Long live the Kiss 'N Cry in figure skating

Thu, Feb 25

The music is pretentious. The costumes -- princess, ice princess, cocktail waitress/princess -- are frilly. The commentary can try the soul. He two-footed the quad! Still, there's one endearing, enduring quality that lifts Olympic figure skating beyond "Blades of Glory" ridiculousness and into the realm of must-watch athletic spectacle.

The inevitable waterworks.

Tonya Harding
AP Photo/Jack SmithTonya Harding famously wept at the 1994
Winter Olympics in Lillehammer, Norway.

Blubbery joy. Weeping despair. Dignified, corner-of-the-eye misting. Figure skating runs the salty-wet gamut, leaving a trail of competitor tears that runs from the rink to the aptly-named kiss-and-cry box to tissue-maker Kleenex, which served as both an official sponsor and an equipment supplier during the Salt Lake City Games. Think Jaime Sale, crying on the medal stand; Tonya Harding, wailing to the judges during a botched routine; former Ukrainian skater Dimitri Dmitrenko, wiping his eyes while clutching a stuffed post-skate white rabbit. In every case, the sob stories are par for the waterlogged course -- and while some may find the whole warm, runny spectacle downright silly, I find it strangely compelling.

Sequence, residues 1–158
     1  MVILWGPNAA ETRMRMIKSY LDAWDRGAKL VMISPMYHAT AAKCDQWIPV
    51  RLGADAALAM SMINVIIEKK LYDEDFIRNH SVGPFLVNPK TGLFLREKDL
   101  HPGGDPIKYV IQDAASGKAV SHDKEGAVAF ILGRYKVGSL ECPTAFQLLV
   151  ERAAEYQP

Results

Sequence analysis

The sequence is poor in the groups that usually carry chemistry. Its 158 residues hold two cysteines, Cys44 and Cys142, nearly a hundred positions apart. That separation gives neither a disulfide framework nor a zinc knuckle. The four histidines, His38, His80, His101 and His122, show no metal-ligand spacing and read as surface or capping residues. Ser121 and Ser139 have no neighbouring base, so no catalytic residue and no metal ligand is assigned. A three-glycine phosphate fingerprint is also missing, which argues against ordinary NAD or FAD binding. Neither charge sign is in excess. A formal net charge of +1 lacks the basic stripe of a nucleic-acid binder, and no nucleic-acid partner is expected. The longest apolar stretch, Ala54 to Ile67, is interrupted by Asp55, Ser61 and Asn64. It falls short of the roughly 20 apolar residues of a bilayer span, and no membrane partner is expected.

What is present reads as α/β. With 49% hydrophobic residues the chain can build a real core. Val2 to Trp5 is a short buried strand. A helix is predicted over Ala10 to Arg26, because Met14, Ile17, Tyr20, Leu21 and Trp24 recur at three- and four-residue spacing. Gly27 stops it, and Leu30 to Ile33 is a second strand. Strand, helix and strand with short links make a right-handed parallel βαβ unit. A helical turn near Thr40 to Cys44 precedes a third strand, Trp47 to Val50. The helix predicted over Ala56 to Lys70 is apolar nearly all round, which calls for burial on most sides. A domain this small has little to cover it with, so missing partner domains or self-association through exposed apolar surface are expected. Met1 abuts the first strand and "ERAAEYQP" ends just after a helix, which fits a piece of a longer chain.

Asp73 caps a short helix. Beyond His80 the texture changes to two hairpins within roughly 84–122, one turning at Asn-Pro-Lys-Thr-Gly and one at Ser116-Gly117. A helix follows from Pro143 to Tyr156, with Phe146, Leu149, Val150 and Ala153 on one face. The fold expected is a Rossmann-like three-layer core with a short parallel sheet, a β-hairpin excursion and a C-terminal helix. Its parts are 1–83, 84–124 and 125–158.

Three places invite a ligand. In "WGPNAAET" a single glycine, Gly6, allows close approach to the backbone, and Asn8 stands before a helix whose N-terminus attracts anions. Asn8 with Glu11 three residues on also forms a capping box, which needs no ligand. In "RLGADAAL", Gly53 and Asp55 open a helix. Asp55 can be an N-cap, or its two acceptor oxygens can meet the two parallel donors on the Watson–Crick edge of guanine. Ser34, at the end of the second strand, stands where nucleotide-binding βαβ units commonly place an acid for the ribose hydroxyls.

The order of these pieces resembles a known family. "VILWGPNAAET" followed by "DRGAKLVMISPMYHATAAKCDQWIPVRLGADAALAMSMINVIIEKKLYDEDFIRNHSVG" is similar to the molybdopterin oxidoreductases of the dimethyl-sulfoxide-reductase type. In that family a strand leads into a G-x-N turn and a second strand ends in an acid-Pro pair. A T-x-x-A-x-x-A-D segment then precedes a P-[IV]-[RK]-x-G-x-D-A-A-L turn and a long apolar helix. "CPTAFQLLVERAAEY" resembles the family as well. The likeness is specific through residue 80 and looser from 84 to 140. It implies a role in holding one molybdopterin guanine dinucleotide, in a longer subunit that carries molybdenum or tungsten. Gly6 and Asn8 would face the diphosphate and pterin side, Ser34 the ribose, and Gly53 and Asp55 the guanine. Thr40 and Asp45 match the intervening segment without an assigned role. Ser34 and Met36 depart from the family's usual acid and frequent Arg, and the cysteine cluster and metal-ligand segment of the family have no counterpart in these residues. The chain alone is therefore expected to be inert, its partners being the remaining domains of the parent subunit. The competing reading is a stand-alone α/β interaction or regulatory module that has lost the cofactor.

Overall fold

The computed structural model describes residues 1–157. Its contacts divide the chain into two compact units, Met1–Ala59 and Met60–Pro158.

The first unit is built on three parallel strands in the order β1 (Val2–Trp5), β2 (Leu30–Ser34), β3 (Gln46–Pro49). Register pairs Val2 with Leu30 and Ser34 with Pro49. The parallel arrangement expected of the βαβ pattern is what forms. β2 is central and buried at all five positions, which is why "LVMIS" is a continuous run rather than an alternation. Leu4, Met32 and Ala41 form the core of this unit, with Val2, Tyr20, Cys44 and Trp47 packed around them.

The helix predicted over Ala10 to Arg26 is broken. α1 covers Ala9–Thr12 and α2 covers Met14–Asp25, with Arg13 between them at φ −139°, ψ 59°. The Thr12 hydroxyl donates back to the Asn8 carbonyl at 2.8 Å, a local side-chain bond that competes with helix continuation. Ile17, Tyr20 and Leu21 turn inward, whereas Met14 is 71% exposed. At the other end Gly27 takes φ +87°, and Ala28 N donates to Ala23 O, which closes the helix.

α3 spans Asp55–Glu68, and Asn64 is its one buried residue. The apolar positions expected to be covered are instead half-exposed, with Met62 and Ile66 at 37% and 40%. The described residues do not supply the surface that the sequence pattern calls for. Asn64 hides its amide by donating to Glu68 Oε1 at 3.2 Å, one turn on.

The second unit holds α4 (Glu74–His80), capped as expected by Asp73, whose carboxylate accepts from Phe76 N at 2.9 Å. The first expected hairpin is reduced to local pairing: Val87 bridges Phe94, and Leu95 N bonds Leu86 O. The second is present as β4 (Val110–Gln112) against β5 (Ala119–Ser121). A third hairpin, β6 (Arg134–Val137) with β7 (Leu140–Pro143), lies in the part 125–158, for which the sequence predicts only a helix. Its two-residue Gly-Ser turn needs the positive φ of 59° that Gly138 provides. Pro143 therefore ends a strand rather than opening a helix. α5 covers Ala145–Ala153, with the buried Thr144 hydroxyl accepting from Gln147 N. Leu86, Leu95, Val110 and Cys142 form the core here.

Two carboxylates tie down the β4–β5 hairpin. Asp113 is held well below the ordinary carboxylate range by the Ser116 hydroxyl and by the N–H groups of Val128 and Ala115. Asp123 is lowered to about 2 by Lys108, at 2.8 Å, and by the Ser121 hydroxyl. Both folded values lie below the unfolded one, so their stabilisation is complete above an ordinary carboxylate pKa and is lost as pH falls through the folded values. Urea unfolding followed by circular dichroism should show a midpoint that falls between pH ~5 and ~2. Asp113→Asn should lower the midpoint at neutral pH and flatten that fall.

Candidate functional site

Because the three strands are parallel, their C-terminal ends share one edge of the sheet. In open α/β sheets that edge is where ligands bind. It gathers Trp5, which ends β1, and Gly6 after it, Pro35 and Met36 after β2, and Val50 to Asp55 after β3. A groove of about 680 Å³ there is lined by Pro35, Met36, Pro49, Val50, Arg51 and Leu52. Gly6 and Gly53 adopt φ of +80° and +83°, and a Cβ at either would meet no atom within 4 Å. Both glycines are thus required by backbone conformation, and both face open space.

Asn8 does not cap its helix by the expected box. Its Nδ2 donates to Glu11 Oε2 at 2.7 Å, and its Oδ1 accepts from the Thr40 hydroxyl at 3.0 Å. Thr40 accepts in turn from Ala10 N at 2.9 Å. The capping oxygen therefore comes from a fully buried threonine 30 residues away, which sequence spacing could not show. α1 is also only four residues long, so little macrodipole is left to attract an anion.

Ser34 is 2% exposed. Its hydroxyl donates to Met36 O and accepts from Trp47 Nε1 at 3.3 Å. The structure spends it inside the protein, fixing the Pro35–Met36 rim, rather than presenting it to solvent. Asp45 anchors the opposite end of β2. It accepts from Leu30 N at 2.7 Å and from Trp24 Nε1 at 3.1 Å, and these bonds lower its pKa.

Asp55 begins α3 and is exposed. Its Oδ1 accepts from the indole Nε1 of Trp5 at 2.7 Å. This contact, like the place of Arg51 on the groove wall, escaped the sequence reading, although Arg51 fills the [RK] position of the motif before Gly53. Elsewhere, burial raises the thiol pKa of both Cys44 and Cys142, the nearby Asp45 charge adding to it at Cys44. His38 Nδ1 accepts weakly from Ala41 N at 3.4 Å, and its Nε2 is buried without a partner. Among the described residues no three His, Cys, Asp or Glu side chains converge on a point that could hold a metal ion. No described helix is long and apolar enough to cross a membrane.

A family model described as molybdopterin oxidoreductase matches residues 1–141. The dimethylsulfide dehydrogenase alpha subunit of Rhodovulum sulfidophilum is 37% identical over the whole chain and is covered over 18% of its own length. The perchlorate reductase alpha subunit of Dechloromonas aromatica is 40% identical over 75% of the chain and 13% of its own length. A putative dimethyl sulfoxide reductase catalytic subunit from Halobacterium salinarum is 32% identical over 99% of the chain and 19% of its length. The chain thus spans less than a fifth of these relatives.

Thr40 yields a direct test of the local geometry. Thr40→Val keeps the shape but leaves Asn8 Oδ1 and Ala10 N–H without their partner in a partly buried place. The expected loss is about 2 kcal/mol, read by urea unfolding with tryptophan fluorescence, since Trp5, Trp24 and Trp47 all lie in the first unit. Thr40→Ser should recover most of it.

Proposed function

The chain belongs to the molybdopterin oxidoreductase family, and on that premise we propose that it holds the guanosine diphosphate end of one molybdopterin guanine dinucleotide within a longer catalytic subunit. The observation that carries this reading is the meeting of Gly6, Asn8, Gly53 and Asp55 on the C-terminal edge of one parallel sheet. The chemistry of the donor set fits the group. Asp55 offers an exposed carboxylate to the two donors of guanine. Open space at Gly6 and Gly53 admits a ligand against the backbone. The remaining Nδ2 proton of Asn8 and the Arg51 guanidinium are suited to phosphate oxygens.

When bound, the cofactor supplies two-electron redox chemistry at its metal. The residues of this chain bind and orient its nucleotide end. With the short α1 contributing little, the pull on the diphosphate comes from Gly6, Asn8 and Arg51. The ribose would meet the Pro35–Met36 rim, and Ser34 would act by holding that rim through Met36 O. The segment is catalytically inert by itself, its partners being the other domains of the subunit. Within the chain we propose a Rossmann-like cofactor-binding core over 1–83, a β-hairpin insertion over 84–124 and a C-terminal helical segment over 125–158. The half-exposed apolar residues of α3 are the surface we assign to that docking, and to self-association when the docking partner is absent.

After all, isn't raw emotion what fans really want?

Not caring. Not trying. The ultimate sports sins. The very things for which we once crucified Bode Miller. Fans want athletes to be as passionate -- read: hopelessly demented -- as we are. We need them to bleed. And if we can't get actual plasma ... well, aren't tears the next best thing? When Oksana Baiul sobbed upon winning a gold medal, you knew she wanted it; when Michele Kwan sobbed after capturing a world championship, you knew she needed it. No guesswork required.

So mock weepy skaters all you want. Mock Adam Morrison and Kordell Stewart and Dick Vermeil, too. But keep in mind: entire Olympic careers come down to a single routine, a lone slip, one perfect pressure-packed jump, a few endless minutes under the klieg lights. Unless you're Vulcan, stoicism is not an option.

"We've put families on hold, personal life on hold, dedicated our lives to this," 1984 silver medalist Rosalynn Sumners once told me. "You hold all of that in, and when you come down to the big one, it's like holding back water with a dam. It all just builds up, and at some point, the dam is going to break."

When it does, I'll be there to enjoy. Never mind the silly sequins.